Despicable, indefensible and lubricious

Few things annoy me more than those studies of the novel that seem to believe that Daniel Defoe woke up one morning and said to himself, “Hmm…today I think I’ll invent the novel!”, and which dismiss any writing that doesn’t fit a set of parameters devised in academia centuries after the fact. So John J. Richetti’s Popular Fiction Before Richardson got off on the right foot with me by making exactly the same objections to certain other studies as I do – although centring the novel’s “beginning”, as you would infer, in Pamela.

However, it was soon clear from Richetti’s language that while he would not be doing as many of his fellows have done, and casting no more than a single shuddering glance at the majority of popular writing of the early 17th century, that this study would nevertheless be an exercise in gritting the teeth, holding the nose and wading through. Expressions such as artistically despicable and morally indefensible appear with great regularity from the earliest pages, as indeed do pointed remarks about the intellectual capacity (or lack thereof) of the many, many individuals who put the “popular” in “popular writing”. The comparisons to television and comic books come soon enough, as does a reference to tabloid journalism. It could hardly be clearer that Richetti is somewhat embarrassed by his own subject matter.

Be that as it may, this an important work in spite of its air of head-shaking and tongue-clucking, simply because it engages with, and in some detail, the writers in question and their influence upon the likes of Defoe, Richardson and Fielding – which influence they certainly had, albeit often in the form of negative example. Richetti quotes from and discusses a variety of popular genres, including rogue, whore and pirate biographies, travel journals, scandal fictions (including romans à clef), political allegories, erotic tales and moral fables. The section on the political and amatory works of Mary Delariviere Manley and Eliza Haywood is particularly amusing. The usual note of gender judgement is struck, of course: it’s bad enough for anyone to be writing this stuff, we gather, but for women to be doing it – ! Although he is unable to deny their success – or their embarrassing popularity, as he puts it – Richetti makes no real attempt to investigate whether there is more to these works than immediately meets the eye.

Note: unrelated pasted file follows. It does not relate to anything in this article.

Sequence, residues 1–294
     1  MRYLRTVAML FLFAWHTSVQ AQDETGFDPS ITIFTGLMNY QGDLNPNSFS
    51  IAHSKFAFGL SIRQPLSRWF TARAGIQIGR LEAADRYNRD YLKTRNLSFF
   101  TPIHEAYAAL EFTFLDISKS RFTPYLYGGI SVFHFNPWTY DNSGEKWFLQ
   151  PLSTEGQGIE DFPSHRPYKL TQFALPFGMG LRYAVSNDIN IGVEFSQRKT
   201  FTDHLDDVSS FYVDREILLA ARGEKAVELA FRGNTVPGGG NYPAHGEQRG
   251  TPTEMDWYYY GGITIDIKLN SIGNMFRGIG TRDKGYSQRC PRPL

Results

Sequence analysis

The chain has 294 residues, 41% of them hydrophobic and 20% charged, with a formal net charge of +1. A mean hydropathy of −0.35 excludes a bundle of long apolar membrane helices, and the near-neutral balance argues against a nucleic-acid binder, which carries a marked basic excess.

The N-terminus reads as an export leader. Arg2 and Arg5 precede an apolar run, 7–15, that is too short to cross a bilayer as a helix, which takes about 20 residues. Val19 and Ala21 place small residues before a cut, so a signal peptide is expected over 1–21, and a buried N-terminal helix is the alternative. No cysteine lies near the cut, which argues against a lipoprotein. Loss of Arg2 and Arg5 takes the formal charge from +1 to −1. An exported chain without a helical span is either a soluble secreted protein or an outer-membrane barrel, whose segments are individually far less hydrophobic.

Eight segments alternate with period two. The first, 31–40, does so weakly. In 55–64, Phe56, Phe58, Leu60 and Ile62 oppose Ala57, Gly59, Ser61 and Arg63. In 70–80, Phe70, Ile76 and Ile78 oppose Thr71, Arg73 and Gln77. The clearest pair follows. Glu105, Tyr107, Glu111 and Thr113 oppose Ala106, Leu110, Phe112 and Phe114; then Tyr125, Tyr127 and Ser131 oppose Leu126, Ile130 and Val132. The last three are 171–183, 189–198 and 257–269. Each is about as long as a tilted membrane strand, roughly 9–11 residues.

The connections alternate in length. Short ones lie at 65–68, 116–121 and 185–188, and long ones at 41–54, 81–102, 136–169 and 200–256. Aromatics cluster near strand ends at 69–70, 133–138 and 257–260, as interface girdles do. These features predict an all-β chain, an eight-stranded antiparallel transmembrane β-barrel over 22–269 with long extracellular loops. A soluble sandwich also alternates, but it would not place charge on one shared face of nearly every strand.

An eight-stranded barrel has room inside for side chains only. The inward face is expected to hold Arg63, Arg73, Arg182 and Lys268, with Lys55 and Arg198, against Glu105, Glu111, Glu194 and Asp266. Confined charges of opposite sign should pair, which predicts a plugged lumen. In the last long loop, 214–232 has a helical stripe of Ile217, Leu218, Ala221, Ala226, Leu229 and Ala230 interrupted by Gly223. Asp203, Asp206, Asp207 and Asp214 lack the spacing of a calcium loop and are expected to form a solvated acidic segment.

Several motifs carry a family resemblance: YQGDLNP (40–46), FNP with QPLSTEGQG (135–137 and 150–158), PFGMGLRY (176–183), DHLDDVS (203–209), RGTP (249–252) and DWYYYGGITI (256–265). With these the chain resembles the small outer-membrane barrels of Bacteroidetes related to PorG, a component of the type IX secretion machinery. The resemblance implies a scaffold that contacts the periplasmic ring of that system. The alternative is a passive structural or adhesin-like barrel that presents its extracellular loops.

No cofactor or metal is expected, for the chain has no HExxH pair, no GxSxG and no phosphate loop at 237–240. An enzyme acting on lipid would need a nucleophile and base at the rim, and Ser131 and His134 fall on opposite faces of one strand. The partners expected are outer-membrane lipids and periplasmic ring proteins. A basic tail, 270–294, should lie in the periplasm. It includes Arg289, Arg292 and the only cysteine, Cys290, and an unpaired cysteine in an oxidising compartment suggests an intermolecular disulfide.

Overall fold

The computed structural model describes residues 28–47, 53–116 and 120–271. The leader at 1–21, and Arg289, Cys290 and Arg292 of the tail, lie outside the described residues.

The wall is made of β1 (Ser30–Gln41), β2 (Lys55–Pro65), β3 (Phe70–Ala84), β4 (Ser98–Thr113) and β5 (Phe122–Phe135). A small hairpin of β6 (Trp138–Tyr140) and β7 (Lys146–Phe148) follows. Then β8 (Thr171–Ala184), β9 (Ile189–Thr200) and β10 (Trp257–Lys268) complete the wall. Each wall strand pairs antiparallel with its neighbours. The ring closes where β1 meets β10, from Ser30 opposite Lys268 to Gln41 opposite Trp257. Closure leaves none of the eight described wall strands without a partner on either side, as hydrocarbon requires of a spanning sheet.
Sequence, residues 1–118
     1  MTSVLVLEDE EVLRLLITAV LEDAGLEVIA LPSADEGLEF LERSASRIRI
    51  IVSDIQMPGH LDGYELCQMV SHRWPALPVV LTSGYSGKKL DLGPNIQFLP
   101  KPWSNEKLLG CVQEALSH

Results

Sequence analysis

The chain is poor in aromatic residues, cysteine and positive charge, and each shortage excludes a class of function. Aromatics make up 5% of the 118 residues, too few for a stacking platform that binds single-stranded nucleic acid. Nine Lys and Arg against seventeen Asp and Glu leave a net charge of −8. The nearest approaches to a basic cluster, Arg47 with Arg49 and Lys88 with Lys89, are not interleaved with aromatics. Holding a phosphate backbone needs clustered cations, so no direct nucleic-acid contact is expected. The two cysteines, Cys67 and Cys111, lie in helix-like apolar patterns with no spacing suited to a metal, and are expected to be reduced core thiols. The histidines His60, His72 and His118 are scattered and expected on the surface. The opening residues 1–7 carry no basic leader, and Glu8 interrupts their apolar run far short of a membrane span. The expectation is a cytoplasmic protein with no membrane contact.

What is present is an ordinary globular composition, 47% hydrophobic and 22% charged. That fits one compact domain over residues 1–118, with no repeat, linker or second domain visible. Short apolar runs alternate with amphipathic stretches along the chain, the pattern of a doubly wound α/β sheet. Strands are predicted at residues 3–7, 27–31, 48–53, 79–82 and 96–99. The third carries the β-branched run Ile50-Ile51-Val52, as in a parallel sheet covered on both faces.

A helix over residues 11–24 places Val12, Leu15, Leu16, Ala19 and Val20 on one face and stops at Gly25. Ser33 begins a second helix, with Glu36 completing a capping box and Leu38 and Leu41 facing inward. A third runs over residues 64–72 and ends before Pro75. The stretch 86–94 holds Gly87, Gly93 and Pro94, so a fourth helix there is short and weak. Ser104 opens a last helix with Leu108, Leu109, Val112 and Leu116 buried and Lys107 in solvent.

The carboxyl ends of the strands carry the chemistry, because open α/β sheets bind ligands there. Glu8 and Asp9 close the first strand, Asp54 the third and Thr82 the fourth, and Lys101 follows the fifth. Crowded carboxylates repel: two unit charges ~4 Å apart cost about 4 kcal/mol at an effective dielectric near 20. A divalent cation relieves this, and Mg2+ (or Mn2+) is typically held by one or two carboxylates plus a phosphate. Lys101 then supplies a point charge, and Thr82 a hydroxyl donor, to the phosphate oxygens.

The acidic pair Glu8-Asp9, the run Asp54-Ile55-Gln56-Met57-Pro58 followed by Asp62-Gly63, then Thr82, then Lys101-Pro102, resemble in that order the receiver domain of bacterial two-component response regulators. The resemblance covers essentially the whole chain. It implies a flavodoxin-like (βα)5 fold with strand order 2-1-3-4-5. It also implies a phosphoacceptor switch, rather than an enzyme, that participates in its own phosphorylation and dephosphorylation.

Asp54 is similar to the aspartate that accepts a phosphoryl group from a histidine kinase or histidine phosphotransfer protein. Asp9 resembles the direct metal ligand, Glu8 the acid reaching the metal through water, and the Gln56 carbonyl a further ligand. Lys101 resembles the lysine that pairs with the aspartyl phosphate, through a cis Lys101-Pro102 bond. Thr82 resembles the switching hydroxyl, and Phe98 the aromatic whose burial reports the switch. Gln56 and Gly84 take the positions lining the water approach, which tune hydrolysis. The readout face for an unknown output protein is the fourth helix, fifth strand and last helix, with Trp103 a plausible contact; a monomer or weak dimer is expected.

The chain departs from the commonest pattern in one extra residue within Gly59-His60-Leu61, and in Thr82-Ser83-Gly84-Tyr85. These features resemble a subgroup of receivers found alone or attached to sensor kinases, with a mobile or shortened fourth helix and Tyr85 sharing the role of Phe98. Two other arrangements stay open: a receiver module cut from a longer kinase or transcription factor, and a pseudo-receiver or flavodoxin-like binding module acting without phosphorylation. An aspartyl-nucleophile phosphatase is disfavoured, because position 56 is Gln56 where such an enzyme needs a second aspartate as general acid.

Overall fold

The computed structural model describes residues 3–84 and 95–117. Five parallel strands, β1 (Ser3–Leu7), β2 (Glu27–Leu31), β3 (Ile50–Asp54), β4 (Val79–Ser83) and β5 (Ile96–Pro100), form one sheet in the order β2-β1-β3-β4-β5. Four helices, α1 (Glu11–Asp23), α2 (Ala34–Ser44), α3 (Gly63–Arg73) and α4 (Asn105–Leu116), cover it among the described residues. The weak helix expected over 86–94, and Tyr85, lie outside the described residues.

(Here’s a fun game: count the number of times Richetti uses the word lubricious in this part of his book.)

It is with a palpable sense of relief that Richetti moves onwards, and perhaps a little upwards. He is clearly more comfortable dealing with the moralities of Jane Barker (described as relentlessly edifying), Penelope Aubin and Elizabeth Rowe, and as a consequence (consciously or unconsciously) is far less critical of their works; even though he admits that Aubin’s stories, in particular, tend to consist of little more than a string of absurd coincidences, a lesser degree of which he condemns in Haywood’s writing. Comfort brings a greater degree of perception, and Richetti is able to sum up these works as, Symptoms of the gradual accommodation of fiction to the ideological needs of the time.

It is not, however, upon that comparatively gracious note that Richetti’s study concludes. His epilogue finds him declaring, The bulk of eighteenth-century pre-Richardson popular narrative is largely beyond redemption, and making reference to, The sorry hacks and well-meaning ladies who produced this fiction; and in short, struggling to justify his own work.

(Odd, isn’t it, how in that context “well-meaning” seems a nastier epithet than “sorry”? I think it’s the implication of the juxtaposition with “ladies”.)

However, perhaps the strangest thing of all is that all this negative rhetoric hasn’t in the least quelled my eagerness for the literary journey I’m about to take through the same era. If anything, on the contrary: I’m very much looking forward to discovering just how much teeth-gritting and nose-holding is actually required.

 

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